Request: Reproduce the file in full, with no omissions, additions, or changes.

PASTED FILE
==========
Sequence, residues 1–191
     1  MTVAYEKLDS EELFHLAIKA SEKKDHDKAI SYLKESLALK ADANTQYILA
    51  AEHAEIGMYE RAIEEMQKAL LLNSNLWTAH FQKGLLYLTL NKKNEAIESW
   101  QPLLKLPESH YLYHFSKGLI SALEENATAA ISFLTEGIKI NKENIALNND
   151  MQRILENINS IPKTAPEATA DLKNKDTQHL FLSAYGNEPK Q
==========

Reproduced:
Sequence, residues 1–191
     1  MTVAYEKLDS EELFHLAIKA SEKKDHDKAI SYLKESLALK ADANTQYILA
    51  AEHAEIGMYE RAIEEMQKAL LLNSNLWTAH FQKGLLYLTL NKKNEAIESW
   101  QPLLKLPESH YLYHFSKGLI SALEENATAA ISFLTEGIKI NKENIALNND
   151  MQRILENINS IPKTAPEATA DLKNKDTQHL FLSAYGNEPK Q